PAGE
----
An unexpected increase in the TENS sensation, for example if the controls are inadvertently touched, can cause surprise. This surprise could be hazardous if the user is operating machinery, driving or performing other hazardous activities. Drivers should be advised to switch off the device and store it away, for example in a car glove box, so that the user would not be blamed in the case of an accident. The device can easily and safely be reattached during breaks from driving.

Problems with Connectivity

Some users report problems in maintaining connectivity between the electrodes and the skin.9 This can be influenced by skin type, body hair and perspiration. This problem can be managed to some extent by using additional tape or specialized belts with integral electrodes. Some users report problems in maintaining connectivity between the lead and the electrodes, particularly if they are treating leg pain, because of the larger movements involved with the legs, for example when climbing stairs.9 As a result of these problems with connectivity, TENS users have to decide whether the activities they plan are suitable for TENS use, taking into account these problems with connectivity and the movement involved with the activity.9 More sedentary activities might be suitable for TENS use, but more dynamic activities such as gardening and sport might not be appropriate for some users.

Problems with Fitting TENS

Some patients may not be capable of fitting the electrodes, depending upon their flexibility and dexterity and may therefore require help to fit and remove the electrodes.9

Problems with Availability

TENS devices are relatively lightweight, and typically have integral clips which allow the user to fit the device to a belt or clothing when in use, but intermittent TENS users would need to carry the device around with them if they are to use it when required. If they are unable or unwilling to carry it at all times, it may be unavailable when required. As TENS devices are less portable than pain medication, this may influence the choices that users make about TENS use compared with pain medication.9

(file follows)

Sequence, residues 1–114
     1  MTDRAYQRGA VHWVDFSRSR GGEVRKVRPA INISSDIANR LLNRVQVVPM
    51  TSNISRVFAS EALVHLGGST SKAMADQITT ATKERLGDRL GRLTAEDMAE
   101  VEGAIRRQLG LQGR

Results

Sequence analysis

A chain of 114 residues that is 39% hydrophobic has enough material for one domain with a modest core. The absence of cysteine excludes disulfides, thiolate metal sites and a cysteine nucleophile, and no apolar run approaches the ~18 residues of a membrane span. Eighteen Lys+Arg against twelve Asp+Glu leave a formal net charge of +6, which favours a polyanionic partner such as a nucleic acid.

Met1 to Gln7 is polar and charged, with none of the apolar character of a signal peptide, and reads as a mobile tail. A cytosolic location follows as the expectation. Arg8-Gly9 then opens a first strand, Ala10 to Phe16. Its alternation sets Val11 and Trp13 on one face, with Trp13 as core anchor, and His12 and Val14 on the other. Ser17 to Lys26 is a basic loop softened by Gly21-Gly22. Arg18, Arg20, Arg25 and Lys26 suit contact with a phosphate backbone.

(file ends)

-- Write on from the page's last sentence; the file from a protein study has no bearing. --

Problems with the TENS Sensation

Users report that certain TENS sensations can be unpleasant and that this experience varies over time, dependent partly upon the behavior of their pain at that time.9 This problem can be managed by varying the TENS settings over time, so that different sensations can be chosen by the user as required.

Problems with the Visibility of TENS

Some users are able to conceal their TENS device with clothing. If this is not possible, then others might notice the device and ask questions, resulting a conversation about the TENS user’s pain that he or she may prefer not to engage in.9


The patient needs to gain confidence in self-administering TENS and overcome any fears regarding its use. A clear explanation of the mechanisms of TENS, appropriate to the patient’s level of education, is important. The patient needs to be reassured that TENS can be used safely and that any contraindications have been considered.

Realistic expectations of TENS benefits can set the scene for a supervised first trial of TENS. The patient should understand that TENS is not a cure for their pain, but that it could be a useful management tool to improve their quality of life. The patient should understand that TENS may be more helpful in some contexts than others (see below).

It is important to familiarize the patient with TENS operation and the sensations associated with different settings.  An explanation of the controls of the specific TENS device will help the patient to understand that they can gain control of the sensations. Following the explanation of the controls, the patient should fit the TENS device and experience the different sensations available as he or she slowly adjusts the controls.